Even non-marathoners should regularly train at this speed. Here’s why.
In recent years, many runners have added to their marathon training an element long used by elites – frequent runs at marathon race pace, either as a stand-alone workout or in the second half of a long run.
These workouts make obvious sense for marathoners. After all, good training programs for all other distances include regular work at goal race pace, so why should the marathon be exempt? In a marathon build-up, race-pace workouts not only prepare you physically and mentally to hold a good pace for 42 kilometres. They are also the best opportunity to practice your race-day fuelling strategies, test the gear and shoes you plan to wear in the marathon, and gain invaluable feedback on whether your marathon goal is realistic.
But when they take a break from marathons to focus on shorter distances, most runners leave marathon-pace runs behind. And even fewer runners with no marathon experience train at that pace. That’s a shame, because workouts at marathon race pace have big benefits for non-marathoners both before and during racing season.
Build Your Strength, Build Your Speed
“Marathon-pace training is simply one of the best workouts there is for improving the endurance capacity of your slow-twitch, endurance muscle cells,” says Pete Magill, coach and author of Build Your Running Body. “More than distance runs or faster repetitions, marathon-pace training increases aerobic energy production in slow-twitch cells, builds more capillaries to carry more oxygen to these cells, improves the cells’ ability to export lactate and to reduce acidity, and leads to better running economy – the equivalent of better petrol mileage in a car.”
“These runs teach a person to read their body and learn to find a pace that is tough but that they can sustain,” says Chris Solinsky, a former US record holder who is now an assistant coach at the College of William and Mary in Virginia, US. “Marathon pace runs help build a strong foundation in which to introduce interval training to get through your racing season. The stronger the foundation, the better interval work you can do, which leads to knocking many seconds or minutes off of your times.”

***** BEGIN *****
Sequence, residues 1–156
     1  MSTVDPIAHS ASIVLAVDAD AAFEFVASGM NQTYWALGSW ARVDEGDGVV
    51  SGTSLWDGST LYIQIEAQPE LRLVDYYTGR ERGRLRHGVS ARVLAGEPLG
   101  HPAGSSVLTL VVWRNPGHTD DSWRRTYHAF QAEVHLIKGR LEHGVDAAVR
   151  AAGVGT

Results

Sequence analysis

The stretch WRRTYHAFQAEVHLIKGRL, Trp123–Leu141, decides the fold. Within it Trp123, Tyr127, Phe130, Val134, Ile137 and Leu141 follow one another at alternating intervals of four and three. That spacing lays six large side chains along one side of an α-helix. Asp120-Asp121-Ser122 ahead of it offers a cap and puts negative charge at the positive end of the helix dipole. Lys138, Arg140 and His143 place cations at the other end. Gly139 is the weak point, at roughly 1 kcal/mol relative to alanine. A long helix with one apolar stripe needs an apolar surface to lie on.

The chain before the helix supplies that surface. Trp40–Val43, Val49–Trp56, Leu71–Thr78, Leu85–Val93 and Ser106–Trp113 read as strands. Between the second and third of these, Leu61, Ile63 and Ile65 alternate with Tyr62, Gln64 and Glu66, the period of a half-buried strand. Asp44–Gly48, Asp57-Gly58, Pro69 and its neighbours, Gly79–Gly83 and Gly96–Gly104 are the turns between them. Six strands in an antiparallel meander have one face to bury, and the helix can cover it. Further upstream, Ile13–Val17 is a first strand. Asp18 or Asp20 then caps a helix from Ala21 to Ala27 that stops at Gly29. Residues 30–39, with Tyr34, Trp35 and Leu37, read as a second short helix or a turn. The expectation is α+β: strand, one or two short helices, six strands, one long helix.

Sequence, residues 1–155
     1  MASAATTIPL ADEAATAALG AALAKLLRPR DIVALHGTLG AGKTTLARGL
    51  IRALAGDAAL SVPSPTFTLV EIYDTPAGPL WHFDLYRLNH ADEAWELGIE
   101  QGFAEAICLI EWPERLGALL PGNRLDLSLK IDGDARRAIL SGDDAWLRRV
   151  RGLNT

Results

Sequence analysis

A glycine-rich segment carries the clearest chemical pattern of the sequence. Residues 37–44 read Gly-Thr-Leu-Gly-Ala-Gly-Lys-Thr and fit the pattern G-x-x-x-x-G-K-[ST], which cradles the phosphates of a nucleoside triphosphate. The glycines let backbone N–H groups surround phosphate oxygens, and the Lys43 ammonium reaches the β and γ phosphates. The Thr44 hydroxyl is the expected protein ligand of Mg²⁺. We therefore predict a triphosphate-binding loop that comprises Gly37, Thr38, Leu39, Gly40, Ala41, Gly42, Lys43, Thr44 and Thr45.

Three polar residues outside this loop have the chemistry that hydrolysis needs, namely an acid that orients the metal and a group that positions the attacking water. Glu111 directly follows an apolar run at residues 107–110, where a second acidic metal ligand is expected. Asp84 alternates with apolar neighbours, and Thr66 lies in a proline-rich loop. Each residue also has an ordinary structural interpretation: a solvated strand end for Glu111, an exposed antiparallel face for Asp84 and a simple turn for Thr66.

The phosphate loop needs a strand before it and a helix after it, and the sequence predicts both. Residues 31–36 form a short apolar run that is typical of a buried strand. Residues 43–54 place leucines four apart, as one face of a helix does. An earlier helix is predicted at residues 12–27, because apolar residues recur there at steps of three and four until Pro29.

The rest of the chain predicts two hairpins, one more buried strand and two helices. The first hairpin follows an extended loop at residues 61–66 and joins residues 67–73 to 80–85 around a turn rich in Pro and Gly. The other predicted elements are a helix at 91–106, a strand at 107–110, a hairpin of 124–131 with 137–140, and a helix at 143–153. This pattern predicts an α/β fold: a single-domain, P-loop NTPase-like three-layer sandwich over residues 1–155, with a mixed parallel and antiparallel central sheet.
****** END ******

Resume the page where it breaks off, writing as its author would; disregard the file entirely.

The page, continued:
Neither Magill nor Solinsky have ever raced a marathon. Magill’s results include a 15:01 5K and 31:11 10K, the fastest road times ever run at those distances by an American age 50 or older, and six national masters cross country titles. Solinsky was the first American to break 27:00 for 10,000 metres on the track, and retired as the second fastest American ever at 5000 and 10,000 meters. But both have used marathon-pace runs as key parts of their training, in the ways described below.
How to Incorporate Marathon-Pace Training
If you don’t have a good idea of your current marathon pace, Magill recommends sub-20:00 5K runners aim for 28 to 31 seconds slower per KM than current 5K pace, and slower runners add 38 seconds per kilometre to their 5K pace. He calls this effort level “slow tempo”, because it’s faster than your normal run pace but slower than 15K to half marathon race pace, the speed usually recommended for tempo runs.
“If you’re new to the sport or out of shape, your marathon pace for training purposes might only be a little faster than your regular distance pace,” Magill says. “If that’s the case, use your breathing rate as a guide. For distance runs, your effort should always be conversational. At marathon pace, your breathing noticeably quickens and conversation beyond a few, curt two- or three-word responses is uncomfortable.”